By Simon Ward
Bridgestone, the Japanese tyre maker, has today officially joined the top-tier ‘TOP’ sponsors of the International Olympic Committee, with the signing of a 10-year deal.
The agreement runs through to 2024 so includes sponsorship of the 2016 Olympics in Rio de Janeiro, the 2018 winter Olympics in PyeongChang, the 2020 Olympics in Tokyo and the 2022 winter Olympics and 2024 Olympics, both of which have yet to be allocated.
The deal, which was announced at a press conference in Tokyo, where Bridgestone’s global headquarters is based, had been expected after Japan's Asahi Shimbum newspaper reported last month that the company would be paying Y35 billion ($344 million) over a decade for an association with the Olympics.
Bridgestone, the world’s largest tyre and rubber company, becomes the IOC’s 11th TOP sponsor and will have rights across the product categories of seismic isolation bearings, non-motorised bicycles and the full range of tyres it manufactures.
The partnership with the IOC extends to all 204 national Olympic committees and their Olympic teams and at games time Bridgestone will supply tyres and related services to support transport operations, including the vehicles for athletes, media and officials.
Bridgestone will only have sponsorship activation rights in Brazil, Korea, Japan and USA until 2016, but can leverage the partnership globally from 2017.
IOC president Thomas Bach, who travelled to Tokyo for the announcement, said: "The TOP programme is a truly global sponsorship programme, as it benefits all future Games organisers and all the National Olympic Committees and their athletes, ensuring that athletes from all over the world, and not just the largest countries, are able to compete at the Games.
"Indeed, the IOC redistributes over 90 per cent of its revenues to the wider sporting movement. Bridgestone is a global leader in its field, and we are delighted to welcome the company to the TOP programme and are excited about the long-term commitment they have shown to the Olympic Movement."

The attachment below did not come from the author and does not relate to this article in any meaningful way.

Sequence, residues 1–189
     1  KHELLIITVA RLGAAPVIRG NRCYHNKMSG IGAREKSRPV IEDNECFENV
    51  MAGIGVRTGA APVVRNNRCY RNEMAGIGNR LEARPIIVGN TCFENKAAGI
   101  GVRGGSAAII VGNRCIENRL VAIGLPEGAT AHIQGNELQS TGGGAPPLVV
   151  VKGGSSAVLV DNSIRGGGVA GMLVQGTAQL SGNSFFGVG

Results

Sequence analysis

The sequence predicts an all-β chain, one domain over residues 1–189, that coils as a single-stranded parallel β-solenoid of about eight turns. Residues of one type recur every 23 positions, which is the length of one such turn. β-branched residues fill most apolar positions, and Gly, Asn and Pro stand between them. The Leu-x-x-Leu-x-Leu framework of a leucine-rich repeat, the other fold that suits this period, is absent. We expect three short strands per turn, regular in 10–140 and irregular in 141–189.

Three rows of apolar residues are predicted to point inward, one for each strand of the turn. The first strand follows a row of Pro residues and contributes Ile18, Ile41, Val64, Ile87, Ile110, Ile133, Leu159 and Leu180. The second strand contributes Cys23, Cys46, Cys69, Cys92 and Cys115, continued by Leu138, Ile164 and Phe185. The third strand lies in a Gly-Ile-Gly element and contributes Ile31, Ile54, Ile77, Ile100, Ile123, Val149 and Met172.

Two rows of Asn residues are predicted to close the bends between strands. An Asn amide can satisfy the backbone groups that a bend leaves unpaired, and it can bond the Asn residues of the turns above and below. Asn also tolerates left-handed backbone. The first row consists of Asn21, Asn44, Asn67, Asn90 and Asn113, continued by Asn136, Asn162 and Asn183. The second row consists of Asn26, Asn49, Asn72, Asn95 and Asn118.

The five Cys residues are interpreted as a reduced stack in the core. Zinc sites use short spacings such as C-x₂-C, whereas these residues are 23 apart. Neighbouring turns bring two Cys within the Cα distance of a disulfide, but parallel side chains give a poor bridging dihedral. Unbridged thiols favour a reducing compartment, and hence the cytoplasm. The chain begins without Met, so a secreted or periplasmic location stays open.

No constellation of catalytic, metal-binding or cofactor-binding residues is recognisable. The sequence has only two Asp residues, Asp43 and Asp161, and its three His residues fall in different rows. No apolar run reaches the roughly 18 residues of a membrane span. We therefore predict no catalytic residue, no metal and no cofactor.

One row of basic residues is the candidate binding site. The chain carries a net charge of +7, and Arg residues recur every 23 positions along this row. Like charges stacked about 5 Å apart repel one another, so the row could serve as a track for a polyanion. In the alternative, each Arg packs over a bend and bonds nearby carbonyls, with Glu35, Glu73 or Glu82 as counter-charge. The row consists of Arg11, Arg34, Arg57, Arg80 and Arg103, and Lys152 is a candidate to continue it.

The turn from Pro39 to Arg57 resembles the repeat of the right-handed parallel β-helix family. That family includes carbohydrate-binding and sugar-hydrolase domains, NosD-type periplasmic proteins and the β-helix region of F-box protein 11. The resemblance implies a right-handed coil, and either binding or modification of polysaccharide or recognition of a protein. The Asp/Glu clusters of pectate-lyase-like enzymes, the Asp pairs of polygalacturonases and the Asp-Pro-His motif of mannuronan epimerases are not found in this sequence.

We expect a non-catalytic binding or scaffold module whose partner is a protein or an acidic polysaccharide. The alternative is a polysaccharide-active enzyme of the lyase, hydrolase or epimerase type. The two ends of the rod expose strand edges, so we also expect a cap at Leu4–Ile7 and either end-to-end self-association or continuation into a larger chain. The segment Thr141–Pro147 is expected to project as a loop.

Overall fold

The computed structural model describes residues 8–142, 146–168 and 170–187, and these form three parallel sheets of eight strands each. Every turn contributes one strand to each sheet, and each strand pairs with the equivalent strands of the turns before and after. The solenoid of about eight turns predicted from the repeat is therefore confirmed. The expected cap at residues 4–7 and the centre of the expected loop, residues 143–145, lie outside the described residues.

Bridgestone chief executive and chairman Masaaki Tsuya said: "As a global corporation, Bridgestone is excited to partner with the entire Olympic Movement, a group of organisations that not only brings together the world’s athletes at the greatest athletic festival, but also blends this celebration of sport with a spirit of service to community, social responsibility, a respect for diversity and a commitment to the fundamental principles of Olympism."
He added: "We look forward to a long and mutually beneficial relationship where, through this partnership, we will communicate on a global basis our commitment to society as well as our brand message."
The deal is the first to be sealed by the IOC’s marketing commission under its new chair, Japan’s Tsunekazu Takeda, who replaced Norway’s long-serving Gerhard Heiberg last month. It will be regarded as something of a coup for Takeda, the reserved and formal president of the Japanese Olympic Committee and a member of the Japanese royal family, who was not seen by some as an obvious candidate to lead the marketing commission.
Michael Payne, the IOC’s former marketing director, told Sportcal recently that the reports linking Bridgestone to the Olympic Movement showed "the growing interest within the Japanese business community to use sport as a marketing platform" as the country prepares to host the 2020 Olympics.
Of the other 10 TOP sponsors, eight are now signed up until 2020 – Atos, Coca-Cola, Dow, General Electric, McDonald’s, Omega, Procter & Gamble and Visa – with Panasonic’s contract running until 2024 and only Samsung’s set to expire in 2016.
Samsung said in February that it was awaiting further information from the IOC about the product categories on offer. It said that it wanted to ensure no overlap with those of Panasonic, the rival Japanese electronics company, in a world of rapidly converging technologies.
The IOC has previously had a limit of 12 TOP partners, but Timo Lumme, the television and marketing services director, said yesterday that the organisation will be flexible in its approach to sponsorship to suit the appetite in the market, which he claimed is at an all-time high.
Lumme told Sportcal: "The Olympic Movement is in transition. It is an exciting time, and a real effect of that is that the corporate sector has shown an unprecedented interest in us. There are a lot of conversations happening. We continue to speak to a lot of interested companies.
"The limit has always been 12, although there is no written rule. We have previously agreed we would not go over that in the TOP category to ensure there was still a local sponsorship market. But we could have less, more or similar. It is [down to] conditions of the market."